The first thing I do when working with students is disabuse them of the idea that Product and Process are the same. I show them sample essays as models for what is possible — not immediately, but after I have them locate significant moments in the landscape of their lives — but I make it very clear from the get-go that knowing where you’re going (Product) and getting there (Process) are not the same.
Although the finished product will, we hope, flow, be clear and be well organized, the process of coming up with ideas and getting them down on paper is anything but.
In fact, generally speaking, it’s a big mess.
And that’s OK. In fact, that’s what we’re looking for.
In the words of Friedrich Nietzsche, “You must have chaos within you to give birth to a dancing star.”
Or, as I like to say, You must get lost in order to get found.
But how do you get lost? This is something that should be taught in school. Getting lost is an art in and of itself. And it requires a kind of letting-go not unfamiliar to the masters of Zen.
Thirty years of experience helping students write the best essay of their lives has taught me there is no one way to write. Any way that works is a good way. I have also seen that, indeed, there are ways to tame the inner critic and awaken the muse. Using the method that follows, there is no need for anxiety. In fact, you can check your anxiety at the door. Here are five steps to get you started:
Locate moments in your life that have changed you. They can be small moments or big moments. You went into the experience one person; you came out changed. Jot these moments down using bullet points, bullet points only. The time I fell through the ice . . . the time my dad choked on an olive . . .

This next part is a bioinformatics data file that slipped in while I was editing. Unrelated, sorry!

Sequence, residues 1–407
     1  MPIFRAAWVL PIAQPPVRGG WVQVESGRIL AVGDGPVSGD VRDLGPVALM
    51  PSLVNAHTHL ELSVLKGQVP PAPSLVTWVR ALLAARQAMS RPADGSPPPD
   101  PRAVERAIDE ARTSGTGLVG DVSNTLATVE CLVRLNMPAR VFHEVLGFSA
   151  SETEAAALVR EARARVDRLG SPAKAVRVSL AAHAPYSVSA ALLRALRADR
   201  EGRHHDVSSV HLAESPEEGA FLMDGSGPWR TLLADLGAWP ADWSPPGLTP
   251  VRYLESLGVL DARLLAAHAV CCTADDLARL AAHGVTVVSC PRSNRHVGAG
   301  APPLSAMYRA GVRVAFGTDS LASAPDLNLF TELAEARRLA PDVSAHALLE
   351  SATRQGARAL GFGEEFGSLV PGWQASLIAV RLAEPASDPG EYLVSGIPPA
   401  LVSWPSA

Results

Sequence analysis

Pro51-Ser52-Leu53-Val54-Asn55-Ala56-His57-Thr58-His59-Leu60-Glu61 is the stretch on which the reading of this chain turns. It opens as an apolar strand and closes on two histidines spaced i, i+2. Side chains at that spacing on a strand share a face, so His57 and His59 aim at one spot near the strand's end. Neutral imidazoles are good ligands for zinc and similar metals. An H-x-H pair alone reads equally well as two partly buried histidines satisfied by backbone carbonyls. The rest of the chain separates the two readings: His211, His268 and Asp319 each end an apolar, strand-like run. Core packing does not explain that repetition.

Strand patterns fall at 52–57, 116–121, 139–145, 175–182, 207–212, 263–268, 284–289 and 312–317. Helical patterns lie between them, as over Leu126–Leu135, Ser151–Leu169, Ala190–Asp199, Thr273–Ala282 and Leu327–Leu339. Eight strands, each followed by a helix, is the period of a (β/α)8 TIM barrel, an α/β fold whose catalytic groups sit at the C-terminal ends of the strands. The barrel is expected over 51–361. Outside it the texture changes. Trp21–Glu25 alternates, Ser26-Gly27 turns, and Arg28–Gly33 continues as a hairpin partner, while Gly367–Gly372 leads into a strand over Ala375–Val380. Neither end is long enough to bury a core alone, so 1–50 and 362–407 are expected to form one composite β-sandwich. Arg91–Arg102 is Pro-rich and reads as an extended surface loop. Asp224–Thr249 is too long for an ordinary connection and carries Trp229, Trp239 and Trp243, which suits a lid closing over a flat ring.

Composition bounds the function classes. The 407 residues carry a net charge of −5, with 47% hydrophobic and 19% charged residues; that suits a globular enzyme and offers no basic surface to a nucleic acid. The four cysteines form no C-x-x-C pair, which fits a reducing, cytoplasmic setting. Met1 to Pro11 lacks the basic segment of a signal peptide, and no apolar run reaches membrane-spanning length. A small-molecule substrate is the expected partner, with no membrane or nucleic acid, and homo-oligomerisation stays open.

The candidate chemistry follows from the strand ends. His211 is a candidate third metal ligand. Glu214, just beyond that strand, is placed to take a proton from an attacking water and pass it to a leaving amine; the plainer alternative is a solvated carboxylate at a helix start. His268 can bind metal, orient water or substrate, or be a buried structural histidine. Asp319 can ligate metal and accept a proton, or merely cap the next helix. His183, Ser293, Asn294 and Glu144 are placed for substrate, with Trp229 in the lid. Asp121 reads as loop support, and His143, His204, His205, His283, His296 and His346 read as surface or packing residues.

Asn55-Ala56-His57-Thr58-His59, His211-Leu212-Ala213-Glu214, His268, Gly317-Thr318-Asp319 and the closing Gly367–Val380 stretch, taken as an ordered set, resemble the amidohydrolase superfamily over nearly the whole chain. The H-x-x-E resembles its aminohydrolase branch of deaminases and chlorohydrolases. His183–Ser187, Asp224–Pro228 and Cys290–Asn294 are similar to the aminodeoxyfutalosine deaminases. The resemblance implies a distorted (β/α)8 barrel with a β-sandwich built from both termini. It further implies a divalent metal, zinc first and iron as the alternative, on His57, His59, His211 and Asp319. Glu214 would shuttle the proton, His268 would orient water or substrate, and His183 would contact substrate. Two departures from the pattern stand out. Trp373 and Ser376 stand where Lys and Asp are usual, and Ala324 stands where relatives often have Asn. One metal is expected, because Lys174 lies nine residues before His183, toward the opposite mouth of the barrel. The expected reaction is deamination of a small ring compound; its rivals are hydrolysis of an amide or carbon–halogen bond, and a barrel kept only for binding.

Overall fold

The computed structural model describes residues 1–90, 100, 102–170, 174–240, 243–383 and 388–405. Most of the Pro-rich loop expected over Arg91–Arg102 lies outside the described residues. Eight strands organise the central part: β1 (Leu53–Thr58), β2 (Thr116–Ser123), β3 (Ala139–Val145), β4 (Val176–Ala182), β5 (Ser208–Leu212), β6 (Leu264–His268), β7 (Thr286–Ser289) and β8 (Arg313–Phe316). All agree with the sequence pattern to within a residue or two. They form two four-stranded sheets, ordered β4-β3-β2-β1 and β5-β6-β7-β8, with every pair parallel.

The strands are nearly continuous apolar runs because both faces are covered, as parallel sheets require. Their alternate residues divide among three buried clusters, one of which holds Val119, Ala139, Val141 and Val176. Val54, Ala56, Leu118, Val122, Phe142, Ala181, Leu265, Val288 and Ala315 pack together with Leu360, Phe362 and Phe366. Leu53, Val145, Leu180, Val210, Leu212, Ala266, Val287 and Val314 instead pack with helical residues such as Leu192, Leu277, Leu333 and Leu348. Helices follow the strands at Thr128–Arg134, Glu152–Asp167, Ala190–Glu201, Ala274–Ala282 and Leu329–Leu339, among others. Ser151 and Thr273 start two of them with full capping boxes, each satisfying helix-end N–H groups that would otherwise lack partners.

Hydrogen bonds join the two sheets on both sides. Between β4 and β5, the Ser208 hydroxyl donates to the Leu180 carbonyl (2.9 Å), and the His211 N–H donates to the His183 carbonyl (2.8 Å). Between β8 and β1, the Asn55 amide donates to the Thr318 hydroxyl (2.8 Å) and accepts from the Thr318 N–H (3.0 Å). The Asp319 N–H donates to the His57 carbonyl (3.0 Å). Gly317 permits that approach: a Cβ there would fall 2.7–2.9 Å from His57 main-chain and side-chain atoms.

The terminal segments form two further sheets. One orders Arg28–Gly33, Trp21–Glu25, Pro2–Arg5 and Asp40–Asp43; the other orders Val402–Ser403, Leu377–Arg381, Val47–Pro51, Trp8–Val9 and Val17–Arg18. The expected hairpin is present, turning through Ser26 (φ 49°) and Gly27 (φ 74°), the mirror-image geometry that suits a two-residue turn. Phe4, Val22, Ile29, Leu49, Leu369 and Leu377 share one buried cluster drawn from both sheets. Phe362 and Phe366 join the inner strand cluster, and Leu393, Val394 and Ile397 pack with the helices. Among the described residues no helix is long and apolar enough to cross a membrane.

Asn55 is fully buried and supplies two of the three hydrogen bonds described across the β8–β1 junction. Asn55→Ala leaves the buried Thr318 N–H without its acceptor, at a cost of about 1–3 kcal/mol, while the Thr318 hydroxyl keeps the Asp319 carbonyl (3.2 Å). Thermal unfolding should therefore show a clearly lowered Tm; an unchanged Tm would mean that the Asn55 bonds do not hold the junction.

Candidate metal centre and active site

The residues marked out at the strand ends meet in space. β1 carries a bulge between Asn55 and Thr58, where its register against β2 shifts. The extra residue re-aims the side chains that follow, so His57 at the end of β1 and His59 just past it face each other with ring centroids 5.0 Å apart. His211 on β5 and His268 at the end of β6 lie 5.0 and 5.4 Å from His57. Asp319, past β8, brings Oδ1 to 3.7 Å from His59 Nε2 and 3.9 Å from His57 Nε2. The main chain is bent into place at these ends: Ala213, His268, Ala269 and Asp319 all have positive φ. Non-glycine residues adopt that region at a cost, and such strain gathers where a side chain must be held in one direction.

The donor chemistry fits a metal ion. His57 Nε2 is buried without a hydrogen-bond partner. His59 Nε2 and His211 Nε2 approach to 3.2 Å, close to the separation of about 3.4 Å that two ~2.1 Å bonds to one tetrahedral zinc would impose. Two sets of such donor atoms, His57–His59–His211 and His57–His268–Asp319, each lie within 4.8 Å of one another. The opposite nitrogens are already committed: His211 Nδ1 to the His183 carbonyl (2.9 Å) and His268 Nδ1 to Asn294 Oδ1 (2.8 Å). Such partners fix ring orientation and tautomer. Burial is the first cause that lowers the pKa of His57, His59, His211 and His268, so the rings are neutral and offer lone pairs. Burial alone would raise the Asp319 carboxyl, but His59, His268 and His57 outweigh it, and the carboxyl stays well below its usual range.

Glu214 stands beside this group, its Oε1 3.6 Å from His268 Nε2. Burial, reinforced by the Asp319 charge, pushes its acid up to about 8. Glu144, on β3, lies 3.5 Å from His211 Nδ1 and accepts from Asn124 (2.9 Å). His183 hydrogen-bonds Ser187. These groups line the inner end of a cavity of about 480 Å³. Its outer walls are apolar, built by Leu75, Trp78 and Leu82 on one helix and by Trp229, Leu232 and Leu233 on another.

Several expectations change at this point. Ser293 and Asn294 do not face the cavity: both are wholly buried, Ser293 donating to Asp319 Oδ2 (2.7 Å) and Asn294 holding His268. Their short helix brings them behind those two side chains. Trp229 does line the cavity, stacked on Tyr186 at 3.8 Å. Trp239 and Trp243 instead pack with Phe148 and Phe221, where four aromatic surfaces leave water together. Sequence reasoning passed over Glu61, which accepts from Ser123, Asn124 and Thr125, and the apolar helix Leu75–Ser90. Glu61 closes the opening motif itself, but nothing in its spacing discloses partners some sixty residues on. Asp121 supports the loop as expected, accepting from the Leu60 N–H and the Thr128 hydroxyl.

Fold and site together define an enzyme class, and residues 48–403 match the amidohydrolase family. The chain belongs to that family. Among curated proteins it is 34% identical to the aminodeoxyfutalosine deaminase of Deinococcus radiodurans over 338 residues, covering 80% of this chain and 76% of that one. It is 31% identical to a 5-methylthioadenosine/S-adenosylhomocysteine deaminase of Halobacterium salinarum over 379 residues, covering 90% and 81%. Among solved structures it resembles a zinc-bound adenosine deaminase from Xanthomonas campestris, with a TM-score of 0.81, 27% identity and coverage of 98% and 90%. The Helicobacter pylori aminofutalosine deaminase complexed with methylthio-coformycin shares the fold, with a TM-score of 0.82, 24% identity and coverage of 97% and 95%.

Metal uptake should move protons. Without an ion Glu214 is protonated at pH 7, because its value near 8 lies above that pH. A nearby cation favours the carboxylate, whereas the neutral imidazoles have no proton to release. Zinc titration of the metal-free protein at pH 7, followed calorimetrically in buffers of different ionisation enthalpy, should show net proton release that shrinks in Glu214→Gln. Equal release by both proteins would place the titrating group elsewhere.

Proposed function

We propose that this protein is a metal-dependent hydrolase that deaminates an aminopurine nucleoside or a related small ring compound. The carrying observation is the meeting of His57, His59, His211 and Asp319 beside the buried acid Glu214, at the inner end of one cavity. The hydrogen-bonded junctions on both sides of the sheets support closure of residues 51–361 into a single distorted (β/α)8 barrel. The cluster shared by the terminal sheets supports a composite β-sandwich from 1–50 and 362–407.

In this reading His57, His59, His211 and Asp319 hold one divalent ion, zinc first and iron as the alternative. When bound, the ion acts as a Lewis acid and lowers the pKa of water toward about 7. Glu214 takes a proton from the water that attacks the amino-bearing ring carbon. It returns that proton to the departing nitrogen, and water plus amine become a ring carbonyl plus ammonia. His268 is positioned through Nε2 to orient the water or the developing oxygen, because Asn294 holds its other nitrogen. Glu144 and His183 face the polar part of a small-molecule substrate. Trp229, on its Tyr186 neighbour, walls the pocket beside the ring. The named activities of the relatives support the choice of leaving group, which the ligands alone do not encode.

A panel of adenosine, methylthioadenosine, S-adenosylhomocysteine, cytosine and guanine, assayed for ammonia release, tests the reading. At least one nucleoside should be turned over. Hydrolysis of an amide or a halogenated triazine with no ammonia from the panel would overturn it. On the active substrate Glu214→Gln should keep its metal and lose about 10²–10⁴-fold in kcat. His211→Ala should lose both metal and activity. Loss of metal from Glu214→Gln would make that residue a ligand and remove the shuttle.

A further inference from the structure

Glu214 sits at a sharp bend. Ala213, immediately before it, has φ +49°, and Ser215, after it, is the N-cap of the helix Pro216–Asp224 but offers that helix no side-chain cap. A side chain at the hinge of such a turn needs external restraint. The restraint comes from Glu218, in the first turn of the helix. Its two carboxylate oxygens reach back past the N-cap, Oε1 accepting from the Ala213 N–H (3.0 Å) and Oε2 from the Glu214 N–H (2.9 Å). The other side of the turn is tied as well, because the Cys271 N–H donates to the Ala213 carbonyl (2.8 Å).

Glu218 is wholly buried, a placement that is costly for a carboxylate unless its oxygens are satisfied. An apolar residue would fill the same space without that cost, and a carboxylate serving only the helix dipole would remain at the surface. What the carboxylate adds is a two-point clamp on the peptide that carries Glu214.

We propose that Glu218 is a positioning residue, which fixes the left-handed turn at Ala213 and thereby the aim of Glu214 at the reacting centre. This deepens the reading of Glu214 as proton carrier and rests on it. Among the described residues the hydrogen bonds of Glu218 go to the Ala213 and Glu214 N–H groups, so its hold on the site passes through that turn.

Free Write about these moments. Write everything that comes to mind. Don’t worry about grammar, punctuation, spelling or organization. Just write write write. The Free Write is the single most important step of the process. The only requirement: Write full sentences.
Go back and expand what you’ve written. Ask yourself questions. The W’s are very useful here: When was this? Who was I with? Where did this happen? What was important about this experience? This I call The Expanded Free Write.
Ultimately, your college essay must tell a story. Once a student has written a Free Write, I often take the time to explain the difference between Showing, Telling and Reflecting and that all three must be present in the college essay. I then ask him or her to go back and bring the story to life: Be specific. Go into detail. Use dialogue instead of indirect discourse. Tell it as a story unfolding in time and space.
You’ll notice we still don’t have a topic. Now is the time to take a look at what you’ve written to figure out what you’re trying to say. Most books on how to write college essays advise you to do it the other way around. They suggest you start with a topic. Sometimes that works. You can do that if you like. Just don’t get attached to it because often, given half a chance, the wand will find the wizard.
The steps you will need to take next are essential; they require you make order out of chaos. This involves a different part of the brain. By the time you mobilize your team of organizers and inner critics, however, you’ve already got something to work with. And that’s a heck of lot better than staring at a blank page.